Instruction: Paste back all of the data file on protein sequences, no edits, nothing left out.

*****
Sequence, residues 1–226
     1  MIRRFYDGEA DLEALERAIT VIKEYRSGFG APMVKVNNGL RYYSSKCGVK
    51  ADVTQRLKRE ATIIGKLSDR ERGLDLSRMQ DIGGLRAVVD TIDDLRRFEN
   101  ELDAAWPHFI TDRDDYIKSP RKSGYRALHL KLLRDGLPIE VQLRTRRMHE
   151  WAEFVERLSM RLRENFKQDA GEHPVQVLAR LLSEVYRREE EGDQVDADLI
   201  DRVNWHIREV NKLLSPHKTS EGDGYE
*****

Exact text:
Sequence, residues 1–226
     1  MIRRFYDGEA DLEALERAIT VIKEYRSGFG APMVKVNNGL RYYSSKCGVK
    51  ADVTQRLKRE ATIIGKLSDR ERGLDLSRMQ DIGGLRAVVD TIDDLRRFEN
   101  ELDAAWPHFI TDRDDYIKSP RKSGYRALHL KLLRDGLPIE VQLRTRRMHE
   151  WAEFVERLSM RLRENFKQDA GEHPVQVLAR LLSEVYRREE EGDQVDADLI
   201  DRVNWHIREV NKLLSPHKTS EGDGYE